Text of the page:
The Problems of Philosophy by Bertrand Russell was first written in 1912. Bertrand Russell was a noble laureate, notable 20th century British philosopher, historian, mathematician, and a political activist. Bertrand Russell, born in Trellech, May 18, 1872 - died in Penrhyndeudraeth, February 2, 1970.
In "The Problems of Philosophy" the author attempts to create a clear guide of the problems we face with philosophy. Bertrand focuses on problems he believes will provoke good, positive. and constructive discussion and concentrates on knowledge rather than metaphysics: If our information is uncertain that external objects exist, how can we have knowledge of them but by probability. There is no reason to doubt the existence of external objects simply because of sense data.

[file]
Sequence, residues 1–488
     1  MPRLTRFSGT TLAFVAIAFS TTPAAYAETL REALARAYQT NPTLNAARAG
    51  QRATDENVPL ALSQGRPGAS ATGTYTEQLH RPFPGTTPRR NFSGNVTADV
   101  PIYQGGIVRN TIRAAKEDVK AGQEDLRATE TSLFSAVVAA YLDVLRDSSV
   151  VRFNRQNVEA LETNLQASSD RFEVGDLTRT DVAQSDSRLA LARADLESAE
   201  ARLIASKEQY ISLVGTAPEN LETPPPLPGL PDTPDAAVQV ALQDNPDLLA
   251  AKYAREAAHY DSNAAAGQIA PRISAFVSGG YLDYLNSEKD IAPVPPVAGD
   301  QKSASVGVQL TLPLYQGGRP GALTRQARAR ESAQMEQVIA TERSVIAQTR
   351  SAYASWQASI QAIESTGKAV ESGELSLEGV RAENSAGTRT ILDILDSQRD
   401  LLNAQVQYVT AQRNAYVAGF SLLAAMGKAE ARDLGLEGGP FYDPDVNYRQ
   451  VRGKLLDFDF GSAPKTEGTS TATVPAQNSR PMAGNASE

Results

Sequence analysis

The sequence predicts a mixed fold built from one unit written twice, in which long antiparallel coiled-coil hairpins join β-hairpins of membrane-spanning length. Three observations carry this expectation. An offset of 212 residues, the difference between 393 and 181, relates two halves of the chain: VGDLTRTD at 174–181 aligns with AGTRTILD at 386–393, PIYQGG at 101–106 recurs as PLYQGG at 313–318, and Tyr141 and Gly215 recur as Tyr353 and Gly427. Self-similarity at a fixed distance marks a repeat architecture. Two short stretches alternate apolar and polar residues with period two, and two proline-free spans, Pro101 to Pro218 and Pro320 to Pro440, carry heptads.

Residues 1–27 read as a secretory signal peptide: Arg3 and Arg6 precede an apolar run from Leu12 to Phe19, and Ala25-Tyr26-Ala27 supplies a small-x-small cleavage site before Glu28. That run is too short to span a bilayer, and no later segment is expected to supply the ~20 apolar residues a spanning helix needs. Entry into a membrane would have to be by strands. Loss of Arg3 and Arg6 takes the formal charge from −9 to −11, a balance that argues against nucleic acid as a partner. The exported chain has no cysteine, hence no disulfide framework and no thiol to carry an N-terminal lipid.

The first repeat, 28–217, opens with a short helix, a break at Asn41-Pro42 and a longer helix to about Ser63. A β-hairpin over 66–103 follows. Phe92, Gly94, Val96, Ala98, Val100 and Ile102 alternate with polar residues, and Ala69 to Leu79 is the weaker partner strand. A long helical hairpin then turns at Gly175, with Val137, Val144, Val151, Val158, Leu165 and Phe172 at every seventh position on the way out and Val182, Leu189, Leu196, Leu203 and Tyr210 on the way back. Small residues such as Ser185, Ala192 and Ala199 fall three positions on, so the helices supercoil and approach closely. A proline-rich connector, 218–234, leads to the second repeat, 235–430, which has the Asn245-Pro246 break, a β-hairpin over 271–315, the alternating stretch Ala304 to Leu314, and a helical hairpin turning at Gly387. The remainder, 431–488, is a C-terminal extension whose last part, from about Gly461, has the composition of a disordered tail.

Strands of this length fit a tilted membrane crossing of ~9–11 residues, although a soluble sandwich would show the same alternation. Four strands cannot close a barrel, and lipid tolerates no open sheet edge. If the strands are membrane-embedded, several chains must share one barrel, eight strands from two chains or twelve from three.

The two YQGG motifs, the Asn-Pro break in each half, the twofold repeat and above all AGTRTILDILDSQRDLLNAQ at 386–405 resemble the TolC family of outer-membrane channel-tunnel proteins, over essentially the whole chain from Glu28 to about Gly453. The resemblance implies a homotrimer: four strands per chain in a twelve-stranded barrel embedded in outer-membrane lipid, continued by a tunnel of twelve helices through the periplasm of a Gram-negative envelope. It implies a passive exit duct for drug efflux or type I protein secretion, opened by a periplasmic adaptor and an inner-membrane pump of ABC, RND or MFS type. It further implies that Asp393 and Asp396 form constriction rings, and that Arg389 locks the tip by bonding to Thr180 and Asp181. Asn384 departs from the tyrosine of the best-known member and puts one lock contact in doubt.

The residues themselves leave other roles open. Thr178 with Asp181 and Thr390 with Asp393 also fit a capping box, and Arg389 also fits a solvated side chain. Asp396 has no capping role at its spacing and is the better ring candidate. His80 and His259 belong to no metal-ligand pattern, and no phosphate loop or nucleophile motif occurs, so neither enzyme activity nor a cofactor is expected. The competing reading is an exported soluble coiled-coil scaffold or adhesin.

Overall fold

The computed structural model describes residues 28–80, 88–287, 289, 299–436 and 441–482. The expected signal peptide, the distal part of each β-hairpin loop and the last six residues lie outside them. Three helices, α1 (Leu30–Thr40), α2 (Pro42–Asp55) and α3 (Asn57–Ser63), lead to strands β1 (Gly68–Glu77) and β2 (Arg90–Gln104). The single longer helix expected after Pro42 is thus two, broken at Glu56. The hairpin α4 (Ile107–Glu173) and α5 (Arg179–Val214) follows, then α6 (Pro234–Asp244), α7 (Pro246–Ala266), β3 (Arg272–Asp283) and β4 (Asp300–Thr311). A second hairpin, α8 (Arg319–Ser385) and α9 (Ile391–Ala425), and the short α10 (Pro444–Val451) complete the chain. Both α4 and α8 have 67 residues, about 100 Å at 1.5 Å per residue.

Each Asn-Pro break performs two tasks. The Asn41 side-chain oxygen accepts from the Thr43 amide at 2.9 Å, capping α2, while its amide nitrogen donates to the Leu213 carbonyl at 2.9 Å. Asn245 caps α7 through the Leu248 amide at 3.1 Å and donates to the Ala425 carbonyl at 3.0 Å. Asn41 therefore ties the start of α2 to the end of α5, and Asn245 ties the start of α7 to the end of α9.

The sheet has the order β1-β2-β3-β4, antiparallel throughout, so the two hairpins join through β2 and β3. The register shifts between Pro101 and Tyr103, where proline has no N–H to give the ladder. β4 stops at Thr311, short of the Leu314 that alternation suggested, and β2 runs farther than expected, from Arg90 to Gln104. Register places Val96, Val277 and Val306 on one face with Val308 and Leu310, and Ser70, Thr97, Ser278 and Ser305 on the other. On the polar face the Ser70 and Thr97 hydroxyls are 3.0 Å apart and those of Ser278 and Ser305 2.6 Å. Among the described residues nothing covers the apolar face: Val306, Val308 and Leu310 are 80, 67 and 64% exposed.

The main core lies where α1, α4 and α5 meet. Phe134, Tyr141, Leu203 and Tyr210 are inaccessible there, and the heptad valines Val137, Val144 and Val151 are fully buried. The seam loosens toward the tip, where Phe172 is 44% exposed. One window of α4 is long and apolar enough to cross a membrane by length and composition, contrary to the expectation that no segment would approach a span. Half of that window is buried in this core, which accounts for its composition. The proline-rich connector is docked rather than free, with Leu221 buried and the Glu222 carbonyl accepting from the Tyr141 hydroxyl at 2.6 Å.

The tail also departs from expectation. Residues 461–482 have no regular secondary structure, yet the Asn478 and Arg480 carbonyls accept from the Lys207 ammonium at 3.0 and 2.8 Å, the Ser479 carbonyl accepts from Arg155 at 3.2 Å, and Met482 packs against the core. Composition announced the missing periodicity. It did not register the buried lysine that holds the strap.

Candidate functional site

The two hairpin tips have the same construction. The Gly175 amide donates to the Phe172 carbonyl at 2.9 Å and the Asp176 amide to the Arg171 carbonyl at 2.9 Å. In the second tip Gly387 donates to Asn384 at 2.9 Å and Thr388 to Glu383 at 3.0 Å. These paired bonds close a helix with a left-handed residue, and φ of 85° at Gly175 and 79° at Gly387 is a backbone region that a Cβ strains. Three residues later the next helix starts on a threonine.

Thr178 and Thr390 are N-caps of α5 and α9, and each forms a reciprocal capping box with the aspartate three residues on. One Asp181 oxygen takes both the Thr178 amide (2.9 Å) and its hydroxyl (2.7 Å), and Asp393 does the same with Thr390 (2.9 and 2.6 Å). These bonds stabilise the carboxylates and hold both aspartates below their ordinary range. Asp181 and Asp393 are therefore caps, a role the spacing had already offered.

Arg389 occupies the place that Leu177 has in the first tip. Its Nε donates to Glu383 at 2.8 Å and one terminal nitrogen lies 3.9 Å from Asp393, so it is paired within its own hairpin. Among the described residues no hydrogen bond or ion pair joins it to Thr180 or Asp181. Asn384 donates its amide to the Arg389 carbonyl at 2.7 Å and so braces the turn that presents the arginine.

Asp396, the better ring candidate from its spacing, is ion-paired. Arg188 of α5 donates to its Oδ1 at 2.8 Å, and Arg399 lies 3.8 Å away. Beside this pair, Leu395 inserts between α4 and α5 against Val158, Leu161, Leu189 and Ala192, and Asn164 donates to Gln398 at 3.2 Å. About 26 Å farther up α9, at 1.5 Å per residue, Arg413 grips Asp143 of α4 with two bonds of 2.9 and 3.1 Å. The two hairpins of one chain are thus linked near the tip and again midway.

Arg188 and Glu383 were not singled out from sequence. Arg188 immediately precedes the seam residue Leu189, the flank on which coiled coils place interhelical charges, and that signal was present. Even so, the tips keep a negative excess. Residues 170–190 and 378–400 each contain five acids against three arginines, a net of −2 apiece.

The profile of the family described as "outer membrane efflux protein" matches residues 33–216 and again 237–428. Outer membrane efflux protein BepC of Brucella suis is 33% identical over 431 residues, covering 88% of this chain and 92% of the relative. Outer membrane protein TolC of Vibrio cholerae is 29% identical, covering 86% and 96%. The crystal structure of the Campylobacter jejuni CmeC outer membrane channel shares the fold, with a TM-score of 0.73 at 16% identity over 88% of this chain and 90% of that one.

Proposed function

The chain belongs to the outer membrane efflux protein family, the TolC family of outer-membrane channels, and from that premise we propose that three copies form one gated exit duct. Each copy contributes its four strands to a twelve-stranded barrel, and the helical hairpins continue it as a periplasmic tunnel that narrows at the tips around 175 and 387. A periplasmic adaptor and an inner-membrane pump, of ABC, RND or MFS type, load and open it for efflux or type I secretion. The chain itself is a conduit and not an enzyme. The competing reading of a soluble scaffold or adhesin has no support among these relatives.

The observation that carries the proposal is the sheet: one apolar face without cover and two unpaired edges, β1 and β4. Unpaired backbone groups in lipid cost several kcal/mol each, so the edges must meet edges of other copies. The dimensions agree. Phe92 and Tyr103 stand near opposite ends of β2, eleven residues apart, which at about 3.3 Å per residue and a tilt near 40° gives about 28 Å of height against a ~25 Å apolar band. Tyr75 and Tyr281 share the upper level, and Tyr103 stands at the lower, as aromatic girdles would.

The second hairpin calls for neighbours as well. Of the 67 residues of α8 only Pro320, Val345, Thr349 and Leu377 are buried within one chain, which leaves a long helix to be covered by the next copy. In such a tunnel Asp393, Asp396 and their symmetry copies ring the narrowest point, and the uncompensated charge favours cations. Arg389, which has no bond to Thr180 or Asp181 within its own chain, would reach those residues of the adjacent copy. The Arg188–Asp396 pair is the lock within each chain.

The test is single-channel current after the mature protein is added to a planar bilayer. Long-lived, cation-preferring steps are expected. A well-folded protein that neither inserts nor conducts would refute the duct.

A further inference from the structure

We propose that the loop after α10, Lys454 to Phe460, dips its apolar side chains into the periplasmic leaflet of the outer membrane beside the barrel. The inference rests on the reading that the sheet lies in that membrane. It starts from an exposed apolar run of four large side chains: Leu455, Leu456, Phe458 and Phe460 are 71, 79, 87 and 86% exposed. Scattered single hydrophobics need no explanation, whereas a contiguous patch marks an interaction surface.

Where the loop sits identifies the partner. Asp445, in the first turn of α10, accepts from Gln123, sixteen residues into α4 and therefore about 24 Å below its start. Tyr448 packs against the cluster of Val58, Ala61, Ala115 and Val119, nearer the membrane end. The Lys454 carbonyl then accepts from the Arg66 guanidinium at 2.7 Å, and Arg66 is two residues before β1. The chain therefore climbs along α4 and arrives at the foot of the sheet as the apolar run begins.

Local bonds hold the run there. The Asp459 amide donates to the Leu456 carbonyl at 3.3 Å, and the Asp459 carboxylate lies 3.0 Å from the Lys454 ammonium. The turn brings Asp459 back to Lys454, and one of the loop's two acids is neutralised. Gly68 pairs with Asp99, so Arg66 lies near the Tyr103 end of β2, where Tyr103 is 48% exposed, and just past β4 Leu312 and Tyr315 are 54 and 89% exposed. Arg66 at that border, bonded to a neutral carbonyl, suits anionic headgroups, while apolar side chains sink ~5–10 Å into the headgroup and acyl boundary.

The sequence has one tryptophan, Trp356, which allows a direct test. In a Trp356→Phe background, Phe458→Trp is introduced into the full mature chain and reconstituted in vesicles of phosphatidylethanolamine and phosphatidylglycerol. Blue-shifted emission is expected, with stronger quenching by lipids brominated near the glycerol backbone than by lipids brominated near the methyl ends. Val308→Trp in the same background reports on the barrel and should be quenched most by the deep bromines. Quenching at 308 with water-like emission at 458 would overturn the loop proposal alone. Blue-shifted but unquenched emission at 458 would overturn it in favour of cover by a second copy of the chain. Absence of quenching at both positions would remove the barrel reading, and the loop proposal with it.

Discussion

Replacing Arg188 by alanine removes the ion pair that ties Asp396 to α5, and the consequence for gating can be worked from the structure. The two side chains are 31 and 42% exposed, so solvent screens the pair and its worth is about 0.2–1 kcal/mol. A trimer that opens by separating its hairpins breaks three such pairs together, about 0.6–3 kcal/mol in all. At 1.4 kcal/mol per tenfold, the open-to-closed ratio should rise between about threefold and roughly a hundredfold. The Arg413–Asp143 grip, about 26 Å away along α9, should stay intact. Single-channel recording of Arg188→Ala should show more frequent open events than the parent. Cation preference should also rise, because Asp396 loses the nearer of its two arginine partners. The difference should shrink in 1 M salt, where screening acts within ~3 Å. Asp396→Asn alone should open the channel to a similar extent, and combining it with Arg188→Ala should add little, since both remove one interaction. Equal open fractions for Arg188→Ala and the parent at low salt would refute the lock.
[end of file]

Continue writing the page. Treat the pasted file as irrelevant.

Bertrand Russell guides the reader through the distinction between direct knowledge and knowledge by description, and introduces theories of Plato, Aristotle, Descartes, David Hume, John Locke, Immanuel Kant, Georg Hegel and others in order to build the foundations of philosophy and give a sense of accessibility for students and the general public.